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Long-term Effects of Subthalamic Nucleus Deep Brain Stimulation in Tardive Dystonia

Meng, Da-Wei1,2; Liu, Huan-Guang1,2; Yang, An-Chao1,2; Zhang, Kai1,2; Zhang, Jian-Guo1,2,3,

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doi: 10.4103/0366-6999.181977
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To the Editor: Tardive dystonia (TD) is a specific type of secondary dystonia caused primarily by the chronic application of dopamine receptors antagonists.[1] Deep brain stimulation (DBS) has been becoming a promising therapy to treat dystonia. Here, we report the long-term effect of subthalamic nucleus (STN) stimulation for a TD patient after a 12-year follow-up.

A 28-year-old woman was diagnosed with TD in May 2000. The history of illness, physical examination, and auxiliary examination were precisely described in our previous report.[2] The Burke–Fahn–Marsden Dystonia Rating Scale (BFMDRS) total score was 98.5 (motor score: 70.5, disability score: 28.0) in May 2003 [Figure 1a and 1b]. In July 2003, she underwent bilateral STN electrodes implantation. After stimulation, the patient showed distinct improvement of the motor symptoms without any side effects. Three months after the operation, BFMDRS total score was 8.0 (motor score: 6.0, disability score: 2.0) [Figure 1c]. The involuntary movement disappeared. There was only slight elevation of right shoulder and slightly tremor of hands. Six years after the operation, BFMDRS total score decreased to 0 [Figure 1d]. She could walk for 1–2 h with the IPG turned off in the morning. Nine years after the operation, her right leg had slight stiffness. BFMDRS total score was 3.0 (motor score: 2.0, disability score: 1.0) [Figure 1e]. She could also turn off the stimulation for several hours every day without any serious symptoms. Twelve years after operation, the gait disturbance disappeared. BFMDRS total score was 0 [Figure 1f]. The off time of stimulation markedly increased from several hours to several days. She could live with DBS off when sitting, eating, and even doing physical exercises. She turned on the stimulation only when she felt tired. Except the psychiatric episodes that the patient experienced before surgery, she did not have any extra psychiatric complications in the 12 years follow-up.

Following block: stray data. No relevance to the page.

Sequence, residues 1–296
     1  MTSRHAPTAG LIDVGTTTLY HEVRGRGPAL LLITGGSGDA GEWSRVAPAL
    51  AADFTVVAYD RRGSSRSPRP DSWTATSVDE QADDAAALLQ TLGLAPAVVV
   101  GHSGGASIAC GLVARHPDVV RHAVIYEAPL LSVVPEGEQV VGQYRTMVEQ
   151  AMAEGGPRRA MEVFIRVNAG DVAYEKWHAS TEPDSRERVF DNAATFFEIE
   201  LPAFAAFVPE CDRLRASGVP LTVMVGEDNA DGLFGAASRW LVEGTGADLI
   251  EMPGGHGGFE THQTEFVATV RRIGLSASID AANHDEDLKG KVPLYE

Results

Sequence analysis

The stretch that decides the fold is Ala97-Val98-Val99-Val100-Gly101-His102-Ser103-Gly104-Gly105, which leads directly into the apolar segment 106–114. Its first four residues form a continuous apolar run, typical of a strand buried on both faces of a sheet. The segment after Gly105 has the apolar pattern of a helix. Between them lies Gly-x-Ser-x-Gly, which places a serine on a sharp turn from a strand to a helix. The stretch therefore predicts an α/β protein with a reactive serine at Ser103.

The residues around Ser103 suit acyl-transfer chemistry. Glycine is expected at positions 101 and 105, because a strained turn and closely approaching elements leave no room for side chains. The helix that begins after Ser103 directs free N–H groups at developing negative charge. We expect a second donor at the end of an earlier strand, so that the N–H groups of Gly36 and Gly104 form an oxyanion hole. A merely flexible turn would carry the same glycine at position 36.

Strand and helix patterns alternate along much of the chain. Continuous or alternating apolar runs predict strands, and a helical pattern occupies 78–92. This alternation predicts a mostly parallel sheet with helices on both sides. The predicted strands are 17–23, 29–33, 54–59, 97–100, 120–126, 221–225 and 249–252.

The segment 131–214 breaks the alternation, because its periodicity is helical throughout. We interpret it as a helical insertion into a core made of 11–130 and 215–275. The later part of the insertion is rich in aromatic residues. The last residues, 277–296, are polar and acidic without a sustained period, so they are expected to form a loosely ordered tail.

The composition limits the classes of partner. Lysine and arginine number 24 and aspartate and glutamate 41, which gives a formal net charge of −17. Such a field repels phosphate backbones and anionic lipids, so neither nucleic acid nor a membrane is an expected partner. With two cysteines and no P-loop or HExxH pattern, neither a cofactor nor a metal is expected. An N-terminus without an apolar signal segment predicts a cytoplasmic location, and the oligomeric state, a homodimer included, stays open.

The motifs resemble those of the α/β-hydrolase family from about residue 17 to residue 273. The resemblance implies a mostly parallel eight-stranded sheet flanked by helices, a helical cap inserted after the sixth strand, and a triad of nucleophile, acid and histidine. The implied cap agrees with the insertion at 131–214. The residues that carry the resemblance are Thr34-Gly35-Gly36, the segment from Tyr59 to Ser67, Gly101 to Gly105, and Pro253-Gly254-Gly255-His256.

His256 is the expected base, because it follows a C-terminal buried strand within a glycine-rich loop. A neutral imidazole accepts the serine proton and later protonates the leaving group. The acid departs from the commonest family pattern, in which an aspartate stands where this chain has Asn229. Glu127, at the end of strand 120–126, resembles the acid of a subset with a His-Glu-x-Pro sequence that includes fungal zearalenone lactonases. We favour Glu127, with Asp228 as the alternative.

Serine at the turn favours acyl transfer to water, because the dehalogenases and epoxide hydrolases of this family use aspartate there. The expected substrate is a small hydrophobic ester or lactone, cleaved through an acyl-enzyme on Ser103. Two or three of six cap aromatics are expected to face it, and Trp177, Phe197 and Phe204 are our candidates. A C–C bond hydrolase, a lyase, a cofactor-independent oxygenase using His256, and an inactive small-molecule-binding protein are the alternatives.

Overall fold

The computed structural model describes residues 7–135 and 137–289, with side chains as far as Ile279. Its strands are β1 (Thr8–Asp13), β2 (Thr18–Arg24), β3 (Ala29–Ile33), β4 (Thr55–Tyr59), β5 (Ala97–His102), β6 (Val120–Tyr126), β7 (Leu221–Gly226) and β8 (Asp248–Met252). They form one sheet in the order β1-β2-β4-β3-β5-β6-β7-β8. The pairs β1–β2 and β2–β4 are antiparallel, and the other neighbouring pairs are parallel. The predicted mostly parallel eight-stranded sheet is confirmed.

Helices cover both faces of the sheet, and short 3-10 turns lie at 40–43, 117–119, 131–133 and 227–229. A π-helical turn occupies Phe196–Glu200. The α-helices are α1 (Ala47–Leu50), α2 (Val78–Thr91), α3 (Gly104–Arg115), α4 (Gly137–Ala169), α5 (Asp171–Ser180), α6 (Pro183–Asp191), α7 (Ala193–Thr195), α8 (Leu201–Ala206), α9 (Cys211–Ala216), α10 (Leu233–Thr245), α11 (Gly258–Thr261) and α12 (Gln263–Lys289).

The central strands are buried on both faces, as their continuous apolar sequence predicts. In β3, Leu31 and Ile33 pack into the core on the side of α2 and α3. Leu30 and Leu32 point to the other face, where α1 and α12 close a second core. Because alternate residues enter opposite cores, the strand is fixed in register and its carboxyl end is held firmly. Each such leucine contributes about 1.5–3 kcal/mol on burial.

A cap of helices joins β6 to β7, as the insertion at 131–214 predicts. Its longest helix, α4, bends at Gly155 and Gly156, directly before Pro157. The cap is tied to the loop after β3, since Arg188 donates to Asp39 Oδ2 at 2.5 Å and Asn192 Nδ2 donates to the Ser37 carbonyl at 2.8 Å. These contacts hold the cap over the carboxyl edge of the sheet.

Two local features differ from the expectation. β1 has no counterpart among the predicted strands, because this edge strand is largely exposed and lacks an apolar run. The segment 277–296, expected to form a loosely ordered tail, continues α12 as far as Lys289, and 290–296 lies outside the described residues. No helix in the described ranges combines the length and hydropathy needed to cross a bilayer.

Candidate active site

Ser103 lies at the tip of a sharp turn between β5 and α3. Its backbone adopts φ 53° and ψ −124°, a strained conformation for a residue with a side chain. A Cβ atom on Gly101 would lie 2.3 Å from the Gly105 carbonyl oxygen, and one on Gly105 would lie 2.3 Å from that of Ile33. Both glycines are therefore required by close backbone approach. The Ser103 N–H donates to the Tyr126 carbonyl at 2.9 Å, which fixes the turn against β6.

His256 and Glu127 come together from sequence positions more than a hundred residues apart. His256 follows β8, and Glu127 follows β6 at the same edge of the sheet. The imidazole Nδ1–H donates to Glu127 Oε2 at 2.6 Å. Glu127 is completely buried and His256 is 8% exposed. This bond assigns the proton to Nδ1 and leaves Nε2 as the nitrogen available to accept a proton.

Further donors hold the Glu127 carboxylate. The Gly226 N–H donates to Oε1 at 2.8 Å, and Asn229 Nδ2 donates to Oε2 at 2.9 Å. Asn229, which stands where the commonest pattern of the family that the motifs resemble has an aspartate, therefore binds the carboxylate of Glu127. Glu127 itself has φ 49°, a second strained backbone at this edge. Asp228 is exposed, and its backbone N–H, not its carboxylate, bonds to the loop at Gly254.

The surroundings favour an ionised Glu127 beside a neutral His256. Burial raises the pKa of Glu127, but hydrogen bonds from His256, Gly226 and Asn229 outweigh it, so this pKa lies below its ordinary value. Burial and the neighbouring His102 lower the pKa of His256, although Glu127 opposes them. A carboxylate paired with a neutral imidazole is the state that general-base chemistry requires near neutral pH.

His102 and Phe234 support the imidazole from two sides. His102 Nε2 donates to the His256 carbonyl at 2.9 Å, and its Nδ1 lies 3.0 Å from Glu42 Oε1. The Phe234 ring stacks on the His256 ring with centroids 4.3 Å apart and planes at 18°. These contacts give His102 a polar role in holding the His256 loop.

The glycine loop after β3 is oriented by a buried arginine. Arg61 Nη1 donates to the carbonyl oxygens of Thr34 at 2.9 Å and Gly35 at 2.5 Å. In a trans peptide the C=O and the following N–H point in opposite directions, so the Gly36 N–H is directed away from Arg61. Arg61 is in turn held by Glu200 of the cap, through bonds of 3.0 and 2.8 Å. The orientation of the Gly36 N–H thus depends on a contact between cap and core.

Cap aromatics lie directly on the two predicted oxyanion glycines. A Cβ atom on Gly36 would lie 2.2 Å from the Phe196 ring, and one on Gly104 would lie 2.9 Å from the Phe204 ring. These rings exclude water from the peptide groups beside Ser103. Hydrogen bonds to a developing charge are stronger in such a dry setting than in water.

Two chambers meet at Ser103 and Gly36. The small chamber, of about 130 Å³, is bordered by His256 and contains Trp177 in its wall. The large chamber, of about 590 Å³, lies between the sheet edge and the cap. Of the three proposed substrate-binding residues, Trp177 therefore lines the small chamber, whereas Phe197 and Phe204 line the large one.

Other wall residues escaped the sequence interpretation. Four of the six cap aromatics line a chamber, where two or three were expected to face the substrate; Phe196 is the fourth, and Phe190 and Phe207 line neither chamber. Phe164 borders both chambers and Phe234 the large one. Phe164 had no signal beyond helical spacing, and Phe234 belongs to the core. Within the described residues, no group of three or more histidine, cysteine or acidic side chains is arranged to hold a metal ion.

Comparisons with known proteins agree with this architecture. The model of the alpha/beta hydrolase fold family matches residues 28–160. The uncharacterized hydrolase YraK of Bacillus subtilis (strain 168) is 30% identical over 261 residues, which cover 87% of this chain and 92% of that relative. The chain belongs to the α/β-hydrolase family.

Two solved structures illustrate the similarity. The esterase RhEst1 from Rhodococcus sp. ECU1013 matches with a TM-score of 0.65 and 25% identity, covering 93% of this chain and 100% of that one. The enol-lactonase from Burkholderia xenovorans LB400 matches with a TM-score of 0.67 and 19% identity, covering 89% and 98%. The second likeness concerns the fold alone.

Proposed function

Figure 1
Figure 1:
Clinical pictures of the patient before surgery and in the long-term follow-up. (a and b) Prior to operation, the patient cannot sit and walk steadily. (c) Three months after the operation, the patient can walk and run in a natural manner. (d) Six years after the operation, the efficacy sustained. (e) Nine years after the operation, although the patient experienced slight stiffness of the right leg, she could still climb stairs steadily. (f) Twelve years after the operation, the patient completely recovered without any motor symoptoms.

In the treatment of dystonia, globus pallidus internus (GPi) is the preferred target. However, STN-DBS also could produce 77% of improvement of BFMDRS scores and remarkable improvement in the quality of life in primary dystonia without any psychiatric complications.[3] Here, we demonstrated that STN-DBS also worked perfectly in TD patients. The promising results in our patient were that the time of DBS interruption gradually increased, and the patient could perform daily activities independent of stimulation. Although Gruber et al.[4] reported that sudden cessation of stimulation after long-term stimulation of GPi would result in a severe relapse of the symptoms within minutes to hours in TD patients, we did not observe this phenomenon in our patient after 12 years of STN-DBS treatment. The sustained effect of DBS in our patient may be maintained by converting the maladaptive plasticity to normal plasticity in the pathological brain. It is promising that our patient could stop the stimulation completely in the future. Therefore, STN is promising to become an optimal target for TD patients. However, large cohorts studies are needed to fully evaluate the efficacy of STN-DBS for TD in future.

Declaration of patient consent

The authors certify that they have obtained all appropriate patient consent forms. In the form the patient(s) has/have given his/her/their consent for his/her/their images and other clinical information to be reported in the journal. The patients understand that their names and initials will not be published and due efforts will be made to conceal their identity, but anonymity cannot be guaranteed.

Financial support and sponsorship

This study was supported by a grant from the Beijing Municipal Administration of Hospitals Clinical Medicine Development of Special Funding (No. ZYLX201305).

Conflicts of interest

There are no conflicts of interest.


1. Kiriakakis V, Bhatia KP, Quinn NP, Marsden CD. The natural history of tardive dystonia. A long-term follow-up study of 107 cases Brain. 1998;121(Pt 11):2053–66 doi: 10.1093/brain/121.11.2053
2. Zhang JG, Zhang K, Wang ZC. Deep brain stimulation in the treatment of tardive dystonia Chin Med J. 2006;119:789–92
3. Cao C, Pan Y, Li D, Zhan S, Zhang J, Sun B. Subthalamus deep brain stimulation for primary dystonia patients: A long-term follow-up study Mov Disord. 2013;28:1877–82 doi: 10.1002/mds.25586
4. Gruber D, Trottenberg T, Kivi A, Schoenecker T, Kopp UA, Hoffmann KT, et al Long-term effects of pallidal deep brain stimulation in tardive dystonia Neurology. 2009;73:53–8 doi: 10.1212/WNL.0b013e3181aaea01

Edited by: Li-Shao Guo

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